I have been listening to a most interesting book called “Sway: the Irresistible Pull of Irrational Behavior.”
While talking about the many reasons why people make these kind of decisions he talks about the diagnosing of children with Bipolar Disorder. There was a tremendous rise in the diagnosis from 1993 to 2003. In 1993 there were 20,000 diagnosed with the problem and in 2003 there were 800,000. What happened?
To diagnose it before 1980 most doctors were expected to see someone admitted to the hospital with a manic episode . The DMS III guide updated in 1980 added less severe symptoms for a diagnosis of bipolar disorder. The new criteria includes feeling sad, tearful, fatigued, having insomnia, indecision, more talkative, distratibility, and inflated self esteem. Symptoms that are not uncommon in teens.
At the same time pharmaceutical companies were developing medications they wanted to sell that could be used for this diagnosis.
(He talks about the other reasons we might have seen a rise such as more people seeing a psychologist or psychiatrist and several other reasons that he is able to discard.)
His conclusion for the rise comes under the idea of diagnosis bias. First off the symptoms could be found in most teens and secondly the pharma companies were pushing for drug use.
Whether Ori and Rom Brafman (the authors) are right or not it is an interesting idea. It does make you wonder how many individuals were and are receiving diagnoses because of diagnosis bias. I am not as familiar with the idea in mental health care but I have certainly seen it work with physical symptoms.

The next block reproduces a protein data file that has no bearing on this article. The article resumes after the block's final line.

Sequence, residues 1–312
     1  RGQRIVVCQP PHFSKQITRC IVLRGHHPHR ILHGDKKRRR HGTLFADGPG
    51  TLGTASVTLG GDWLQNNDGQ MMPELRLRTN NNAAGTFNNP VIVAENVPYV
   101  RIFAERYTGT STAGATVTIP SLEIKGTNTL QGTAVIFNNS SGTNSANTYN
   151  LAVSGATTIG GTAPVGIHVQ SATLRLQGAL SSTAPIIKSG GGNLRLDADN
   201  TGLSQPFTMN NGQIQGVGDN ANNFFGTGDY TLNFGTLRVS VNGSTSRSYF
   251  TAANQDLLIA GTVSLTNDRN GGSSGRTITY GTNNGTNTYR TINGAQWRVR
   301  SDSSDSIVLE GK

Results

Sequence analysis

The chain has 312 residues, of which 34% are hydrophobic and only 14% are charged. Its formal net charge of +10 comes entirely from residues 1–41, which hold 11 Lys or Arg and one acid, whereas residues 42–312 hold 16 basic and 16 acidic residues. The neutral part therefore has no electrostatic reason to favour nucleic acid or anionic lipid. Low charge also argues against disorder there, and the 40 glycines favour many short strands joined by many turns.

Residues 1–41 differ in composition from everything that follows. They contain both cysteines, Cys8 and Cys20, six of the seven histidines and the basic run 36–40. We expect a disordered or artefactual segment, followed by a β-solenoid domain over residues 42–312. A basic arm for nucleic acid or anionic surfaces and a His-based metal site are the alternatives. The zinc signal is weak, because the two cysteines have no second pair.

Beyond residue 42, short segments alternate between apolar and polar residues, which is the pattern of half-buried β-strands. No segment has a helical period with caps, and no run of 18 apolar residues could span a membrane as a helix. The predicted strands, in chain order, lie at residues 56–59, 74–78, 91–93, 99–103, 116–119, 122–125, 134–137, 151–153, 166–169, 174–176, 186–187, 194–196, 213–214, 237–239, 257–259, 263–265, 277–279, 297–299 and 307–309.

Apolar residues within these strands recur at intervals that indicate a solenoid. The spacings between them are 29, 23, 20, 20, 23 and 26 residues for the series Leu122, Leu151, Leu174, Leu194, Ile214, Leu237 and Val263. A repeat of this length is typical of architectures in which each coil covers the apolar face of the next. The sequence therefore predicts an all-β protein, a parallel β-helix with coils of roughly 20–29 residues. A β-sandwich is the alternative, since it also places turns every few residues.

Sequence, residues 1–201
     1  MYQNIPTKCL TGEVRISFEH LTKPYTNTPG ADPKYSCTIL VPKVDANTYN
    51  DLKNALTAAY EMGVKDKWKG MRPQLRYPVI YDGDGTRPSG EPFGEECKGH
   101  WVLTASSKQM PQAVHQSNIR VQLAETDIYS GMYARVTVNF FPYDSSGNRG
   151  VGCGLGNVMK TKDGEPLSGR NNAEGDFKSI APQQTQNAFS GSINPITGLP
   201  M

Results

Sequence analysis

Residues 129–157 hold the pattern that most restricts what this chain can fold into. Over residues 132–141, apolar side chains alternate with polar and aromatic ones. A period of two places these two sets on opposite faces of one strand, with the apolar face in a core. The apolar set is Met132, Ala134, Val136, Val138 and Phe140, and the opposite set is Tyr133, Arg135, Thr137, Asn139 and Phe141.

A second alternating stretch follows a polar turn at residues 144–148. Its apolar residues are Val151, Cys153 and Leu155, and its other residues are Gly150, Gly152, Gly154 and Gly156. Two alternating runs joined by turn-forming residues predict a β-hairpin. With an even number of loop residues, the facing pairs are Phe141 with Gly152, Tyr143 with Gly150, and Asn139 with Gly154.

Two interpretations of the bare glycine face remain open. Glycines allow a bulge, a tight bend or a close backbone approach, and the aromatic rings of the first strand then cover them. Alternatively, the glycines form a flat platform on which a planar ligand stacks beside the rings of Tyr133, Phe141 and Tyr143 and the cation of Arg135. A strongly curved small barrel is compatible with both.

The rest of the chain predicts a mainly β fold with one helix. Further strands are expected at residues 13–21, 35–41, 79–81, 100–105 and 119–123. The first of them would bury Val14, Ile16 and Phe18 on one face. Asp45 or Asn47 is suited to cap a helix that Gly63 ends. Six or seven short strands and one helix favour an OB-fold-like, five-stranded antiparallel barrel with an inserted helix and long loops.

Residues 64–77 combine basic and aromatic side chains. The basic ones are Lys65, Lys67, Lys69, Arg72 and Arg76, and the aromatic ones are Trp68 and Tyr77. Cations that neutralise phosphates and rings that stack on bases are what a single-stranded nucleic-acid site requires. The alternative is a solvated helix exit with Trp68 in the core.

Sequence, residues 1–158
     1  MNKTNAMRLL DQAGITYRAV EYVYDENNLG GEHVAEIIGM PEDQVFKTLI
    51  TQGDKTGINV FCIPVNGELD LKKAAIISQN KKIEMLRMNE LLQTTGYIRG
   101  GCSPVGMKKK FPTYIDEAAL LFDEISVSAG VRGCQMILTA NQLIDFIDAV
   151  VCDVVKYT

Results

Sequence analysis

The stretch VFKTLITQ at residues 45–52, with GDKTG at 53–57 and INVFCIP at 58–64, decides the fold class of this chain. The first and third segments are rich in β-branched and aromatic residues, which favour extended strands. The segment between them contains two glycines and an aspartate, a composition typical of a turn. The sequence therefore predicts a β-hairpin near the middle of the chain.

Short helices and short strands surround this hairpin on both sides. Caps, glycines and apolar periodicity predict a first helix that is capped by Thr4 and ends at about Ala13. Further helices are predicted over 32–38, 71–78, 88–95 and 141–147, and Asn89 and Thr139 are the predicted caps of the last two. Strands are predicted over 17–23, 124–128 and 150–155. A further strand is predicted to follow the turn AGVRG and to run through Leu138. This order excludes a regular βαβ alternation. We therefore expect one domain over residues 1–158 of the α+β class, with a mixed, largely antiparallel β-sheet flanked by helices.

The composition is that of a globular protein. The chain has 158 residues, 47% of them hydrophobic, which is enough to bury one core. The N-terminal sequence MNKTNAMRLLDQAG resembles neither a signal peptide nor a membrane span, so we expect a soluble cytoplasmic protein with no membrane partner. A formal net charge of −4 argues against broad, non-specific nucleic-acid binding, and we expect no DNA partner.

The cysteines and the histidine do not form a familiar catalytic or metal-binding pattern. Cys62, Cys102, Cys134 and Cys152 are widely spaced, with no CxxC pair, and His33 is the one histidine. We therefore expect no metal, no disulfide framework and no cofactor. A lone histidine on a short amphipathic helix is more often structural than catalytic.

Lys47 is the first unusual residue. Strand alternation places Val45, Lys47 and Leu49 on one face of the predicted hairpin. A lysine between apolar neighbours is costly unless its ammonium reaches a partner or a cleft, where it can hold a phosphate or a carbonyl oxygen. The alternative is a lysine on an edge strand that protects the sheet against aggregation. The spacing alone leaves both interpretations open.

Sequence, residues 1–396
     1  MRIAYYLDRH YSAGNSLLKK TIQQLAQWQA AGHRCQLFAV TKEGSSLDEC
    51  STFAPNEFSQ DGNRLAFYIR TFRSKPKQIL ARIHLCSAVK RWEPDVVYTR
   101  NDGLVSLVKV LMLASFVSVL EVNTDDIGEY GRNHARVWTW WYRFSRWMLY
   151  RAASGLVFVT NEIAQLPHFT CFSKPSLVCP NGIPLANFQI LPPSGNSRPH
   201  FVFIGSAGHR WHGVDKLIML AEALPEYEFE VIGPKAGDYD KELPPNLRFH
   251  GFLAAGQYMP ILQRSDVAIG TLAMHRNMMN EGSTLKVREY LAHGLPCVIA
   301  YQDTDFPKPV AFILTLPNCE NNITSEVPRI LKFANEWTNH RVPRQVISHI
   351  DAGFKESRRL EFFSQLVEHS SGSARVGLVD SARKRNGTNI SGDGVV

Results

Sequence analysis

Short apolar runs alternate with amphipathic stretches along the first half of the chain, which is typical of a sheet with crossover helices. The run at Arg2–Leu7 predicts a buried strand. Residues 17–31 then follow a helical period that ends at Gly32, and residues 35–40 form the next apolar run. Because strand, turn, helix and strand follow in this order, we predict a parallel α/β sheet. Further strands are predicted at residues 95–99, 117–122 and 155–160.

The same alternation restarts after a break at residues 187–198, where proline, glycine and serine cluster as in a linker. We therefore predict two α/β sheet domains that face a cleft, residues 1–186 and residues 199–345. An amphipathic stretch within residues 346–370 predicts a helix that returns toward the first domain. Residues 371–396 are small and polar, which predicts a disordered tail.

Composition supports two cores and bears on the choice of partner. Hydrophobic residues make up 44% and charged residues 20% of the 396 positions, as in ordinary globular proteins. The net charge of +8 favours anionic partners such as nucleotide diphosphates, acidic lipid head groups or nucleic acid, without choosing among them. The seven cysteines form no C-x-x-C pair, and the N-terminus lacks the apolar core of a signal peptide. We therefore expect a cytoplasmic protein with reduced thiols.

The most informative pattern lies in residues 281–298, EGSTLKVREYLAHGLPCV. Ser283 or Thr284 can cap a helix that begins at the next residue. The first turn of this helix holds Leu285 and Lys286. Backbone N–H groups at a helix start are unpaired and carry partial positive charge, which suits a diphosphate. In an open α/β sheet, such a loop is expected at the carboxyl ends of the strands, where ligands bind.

There is no easy way to know if a mental illness diagnosis is correct. We certainly understand that once the person is labeled it would be difficult to erase it. As I have said before my physician was hesitant to use the diagnosis of anxiety for me due to the stigma attached. We want no stigma attached to a mental health diagnosis. Doctors also need to be careful about coming up with the right diagnosis.
We all need to rid ourselves of our own bias regarding labeling of any kind and work to reduce labeling due to mental health issues.
Here are some reasons why irrational decisions are made. Not just regarding bipolar disorder but any decision.
I am enjoying this book which goes into many different ways that irrational decisions are made in a wide spectrum of places. A good read.
2 thoughts on “Why that decision?”
Great post! One of the biggest fallacies I think there is surrounds the issue of treating mental conditions with medications. You will often hear doctors, psychologists, and psychiatrists say that the person has a chemical imbalance and therefore prescribe some medication. Yet, to my knowledge, no one has ever documented what is out of balance chemically – which brain chemicals, which neurotransmitters? What are the normal circulating brain volumes of these chemicals? Without that information, how can one claim there is an imbalance that requires treatment. Great emphasis has been placed on serotonin re-uptake inhibitors, yet no one can tell me what a normal brain concentration of serotonin is, and not so surprising LSD is an SSRI too. Big Pharma is definitely a drug pusher, and they pay docs to push their drugs.
Absolutely true. And I love the term “diagnosis bias.” This is a great book!
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